LINDA WERTHEIMER, HOST:
IKEA's famous Swedish meatballs are the latest food found to contain unlabeled horse meat. The company has removed its popular delicacies from stores in 14 European countries. Meatballs are still available in IKEA's U.S. stores because IKEA in America buys its meat in this country. European Union agriculture ministers meeting yesterday in Brussels scrapped their agenda and went straight to the horse meat scandal.
To find out more, we called Joshua Chaffin. He is the E.U. correspondent for the Financial Times newspaper and he was at that meeting.
JOSHUA CHAFFIN: Good morning.
WERTHEIMER: So what did the European Union's agriculture ministers discuss? And did they decide anything?
CHAFFIN: Well, they discussed this widening scandal. They've decided to go forward with more testing to try to see what the dimension of the problem is, so DNA testing of horse carcasses and also processed foods.
WERTHEIMER: Doesn't that mean that you would have to test anything that had ground meat in it, or anything that had been prepared with meat stock?
CHAFFIN: That's the problem. The scale of testing that you would have to do to reasonably be sure is so enormous and so costly. But they do have to do some amount of testing to kind of reassure consumers that what they're eating is safe.
WERTHEIMER: Now, the food standards agency in Britain, other food authorities are also conducting investigations. Does anybody know, yet, who's doing this?
CHAFFIN: Not really. There have been a few arrests in Britain. You know, at the outset of this scandal there was - seemed to be a sense that this would be one or two meat companies. But you mentioned IKEA today. Nestle was caught up in it last week. And so, it's now being described by ministers, last night, as a Europe-wide criminal problem.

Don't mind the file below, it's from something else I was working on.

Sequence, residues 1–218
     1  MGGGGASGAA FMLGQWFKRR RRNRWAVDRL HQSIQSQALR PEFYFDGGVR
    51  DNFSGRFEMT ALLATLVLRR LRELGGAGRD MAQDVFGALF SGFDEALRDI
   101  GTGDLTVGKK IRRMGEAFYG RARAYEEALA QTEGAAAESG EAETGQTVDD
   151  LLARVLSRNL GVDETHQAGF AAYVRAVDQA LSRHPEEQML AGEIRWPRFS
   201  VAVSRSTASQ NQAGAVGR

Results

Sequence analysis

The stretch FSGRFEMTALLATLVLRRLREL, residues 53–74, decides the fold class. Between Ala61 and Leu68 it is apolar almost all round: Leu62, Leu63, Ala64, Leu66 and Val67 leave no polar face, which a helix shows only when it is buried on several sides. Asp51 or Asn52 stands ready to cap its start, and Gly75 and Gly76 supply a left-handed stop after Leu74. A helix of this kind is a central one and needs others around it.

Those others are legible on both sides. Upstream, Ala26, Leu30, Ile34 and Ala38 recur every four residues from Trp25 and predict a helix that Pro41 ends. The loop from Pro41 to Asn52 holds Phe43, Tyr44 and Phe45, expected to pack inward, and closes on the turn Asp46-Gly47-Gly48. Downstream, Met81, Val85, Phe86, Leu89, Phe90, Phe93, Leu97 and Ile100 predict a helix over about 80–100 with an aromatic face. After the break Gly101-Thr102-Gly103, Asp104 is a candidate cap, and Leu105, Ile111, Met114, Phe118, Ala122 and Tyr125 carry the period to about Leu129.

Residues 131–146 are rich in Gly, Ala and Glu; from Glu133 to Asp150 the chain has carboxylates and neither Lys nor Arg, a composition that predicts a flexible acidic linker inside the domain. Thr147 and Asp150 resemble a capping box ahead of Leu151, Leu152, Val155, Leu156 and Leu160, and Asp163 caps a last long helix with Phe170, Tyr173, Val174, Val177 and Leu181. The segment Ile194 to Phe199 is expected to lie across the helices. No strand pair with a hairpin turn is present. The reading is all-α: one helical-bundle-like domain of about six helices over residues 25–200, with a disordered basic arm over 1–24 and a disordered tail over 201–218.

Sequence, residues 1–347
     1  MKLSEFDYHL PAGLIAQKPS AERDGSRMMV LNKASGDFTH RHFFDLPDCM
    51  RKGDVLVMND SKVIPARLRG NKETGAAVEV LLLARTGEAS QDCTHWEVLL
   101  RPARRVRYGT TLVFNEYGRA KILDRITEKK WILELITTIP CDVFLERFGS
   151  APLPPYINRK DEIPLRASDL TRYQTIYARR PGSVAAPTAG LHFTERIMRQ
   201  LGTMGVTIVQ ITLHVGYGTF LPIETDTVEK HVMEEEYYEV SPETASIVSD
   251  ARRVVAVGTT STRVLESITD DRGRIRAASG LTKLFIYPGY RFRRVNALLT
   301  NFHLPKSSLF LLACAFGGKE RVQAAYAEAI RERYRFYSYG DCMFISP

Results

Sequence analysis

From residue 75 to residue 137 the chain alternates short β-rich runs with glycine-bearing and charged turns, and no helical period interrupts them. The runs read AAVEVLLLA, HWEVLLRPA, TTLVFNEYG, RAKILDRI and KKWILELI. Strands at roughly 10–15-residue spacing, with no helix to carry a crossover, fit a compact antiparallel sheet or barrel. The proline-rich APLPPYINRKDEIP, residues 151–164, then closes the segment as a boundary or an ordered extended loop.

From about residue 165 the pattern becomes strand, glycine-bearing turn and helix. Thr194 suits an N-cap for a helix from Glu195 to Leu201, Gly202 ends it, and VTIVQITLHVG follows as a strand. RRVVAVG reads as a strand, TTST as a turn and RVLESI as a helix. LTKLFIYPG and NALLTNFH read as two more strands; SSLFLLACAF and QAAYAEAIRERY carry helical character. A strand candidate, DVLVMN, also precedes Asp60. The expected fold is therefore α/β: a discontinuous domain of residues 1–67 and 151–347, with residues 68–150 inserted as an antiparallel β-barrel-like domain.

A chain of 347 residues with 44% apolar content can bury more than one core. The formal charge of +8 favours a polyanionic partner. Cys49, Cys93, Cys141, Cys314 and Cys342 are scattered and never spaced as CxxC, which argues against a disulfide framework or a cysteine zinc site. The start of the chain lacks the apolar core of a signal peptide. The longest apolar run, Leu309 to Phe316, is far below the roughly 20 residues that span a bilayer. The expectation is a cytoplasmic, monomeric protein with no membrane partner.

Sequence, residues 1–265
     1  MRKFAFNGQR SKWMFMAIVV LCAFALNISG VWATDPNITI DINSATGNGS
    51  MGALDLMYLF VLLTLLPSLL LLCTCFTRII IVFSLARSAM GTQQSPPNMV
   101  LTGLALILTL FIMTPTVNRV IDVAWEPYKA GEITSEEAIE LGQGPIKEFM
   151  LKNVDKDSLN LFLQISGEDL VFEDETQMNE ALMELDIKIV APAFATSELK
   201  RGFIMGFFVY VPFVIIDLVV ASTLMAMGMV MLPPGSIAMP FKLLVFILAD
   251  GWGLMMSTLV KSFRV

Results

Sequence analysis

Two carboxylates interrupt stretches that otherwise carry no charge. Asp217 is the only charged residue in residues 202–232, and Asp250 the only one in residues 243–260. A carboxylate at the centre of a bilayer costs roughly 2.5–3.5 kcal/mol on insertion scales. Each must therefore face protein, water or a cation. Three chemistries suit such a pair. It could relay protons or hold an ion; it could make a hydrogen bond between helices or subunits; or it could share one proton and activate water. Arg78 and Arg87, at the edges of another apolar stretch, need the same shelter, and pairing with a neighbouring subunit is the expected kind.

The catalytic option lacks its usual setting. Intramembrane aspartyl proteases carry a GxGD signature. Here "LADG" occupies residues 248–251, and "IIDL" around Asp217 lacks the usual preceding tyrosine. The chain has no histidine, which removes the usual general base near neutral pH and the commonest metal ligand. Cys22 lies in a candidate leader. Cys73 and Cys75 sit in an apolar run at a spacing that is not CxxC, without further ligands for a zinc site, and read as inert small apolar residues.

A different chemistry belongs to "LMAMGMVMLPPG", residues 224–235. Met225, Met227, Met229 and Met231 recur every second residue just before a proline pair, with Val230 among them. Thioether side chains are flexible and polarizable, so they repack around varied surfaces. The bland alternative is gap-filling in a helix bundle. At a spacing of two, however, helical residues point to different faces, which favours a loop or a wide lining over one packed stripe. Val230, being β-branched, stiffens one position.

WERTHEIMER: Countries like the United Kingdom, for example, they have had stringent rules about meat for some time, because of the mad cow epidemic from years past. How did horsemeat slip into a highly regulated supply like that?
CHAFFIN: Well, there are lots of theories. For one thing, as these supply chains have become so complex, there are sort of ever-increasing possibilities for someone along the way to trade this much cheaper horse meat for beef and pocket some cash. There's a strange kind of crossover with the economic crisis. There seem to be a lot of unwanted horses these days, in places like Ireland and Spain, where people may not have the money anymore to take care of them.
There was also very stringent labeling regulations put in place, in the wake of mad cow, for fresh meat. But those were not extended to processed foods. You know, say, lasagna or shepherd's pie, or what have you. The food industry ultimately prevailed on them not to do this. Now that idea has come up again and looks like it's going to be revisited.
WERTHEIMER: Is there any kind of a health concern here? I know in some parts of the continent, people routinely eat horse meat. Or are people just upset at the thought that there might be something in their food that they personally would not eat, but they didn't know about it?
CHAFFIN: Well, there have been traces found of phenylbutazone, which is a - I guess it's a painkiller that's administered to horses...
WERTHEIMER: It's given lots of times on the racetrack. Bute it's called, yeah.
CHAFFIN: That's right. So far most of the tests have come back negative. So then you have the fact that this isn't what you thought it was. And I think that that worrying sense - we don't know how the horse meat got into the food chain, we don't know what else did - it just creates a level of, kind of, doubt and suspicion about the entire system.
WERTHEIMER: Joshua Chaffin is the EU correspondent for the Financial Times. He joined us from Brussels. Thanks very much.
CHAFFIN: Thank you.
WERTHEIMER: You're listening to NPR News.
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